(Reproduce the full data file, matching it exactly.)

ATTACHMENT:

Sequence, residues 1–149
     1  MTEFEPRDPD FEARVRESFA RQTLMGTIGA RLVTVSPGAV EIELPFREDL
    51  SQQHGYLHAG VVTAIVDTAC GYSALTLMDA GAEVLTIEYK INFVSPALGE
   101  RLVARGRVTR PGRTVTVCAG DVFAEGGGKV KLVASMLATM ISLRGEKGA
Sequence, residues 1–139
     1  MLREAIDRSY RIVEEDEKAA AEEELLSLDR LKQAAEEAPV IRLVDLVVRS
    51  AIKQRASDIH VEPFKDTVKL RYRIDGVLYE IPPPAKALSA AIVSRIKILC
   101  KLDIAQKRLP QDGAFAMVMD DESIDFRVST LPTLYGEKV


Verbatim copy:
Sequence, residues 1–149
     1  MTEFEPRDPD FEARVRESFA RQTLMGTIGA RLVTVSPGAV EIELPFREDL
    51  SQQHGYLHAG VVTAIVDTAC GYSALTLMDA GAEVLTIEYK INFVSPALGE
   101  RLVARGRVTR PGRTVTVCAG DVFAEGGGKV KLVASMLATM ISLRGEKGA
Sequence, residues 1–139
     1  MLREAIDRSY RIVEEDEKAA AEEELLSLDR LKQAAEEAPV IRLVDLVVRS
    51  AIKQRASDIH VEPFKDTVKL RYRIDGVLYE IPPPAKALSA AIVSRIKILC
   101  KLDIAQKRLP QDGAFAMVMD DESIDFRVST LPTLYGEKV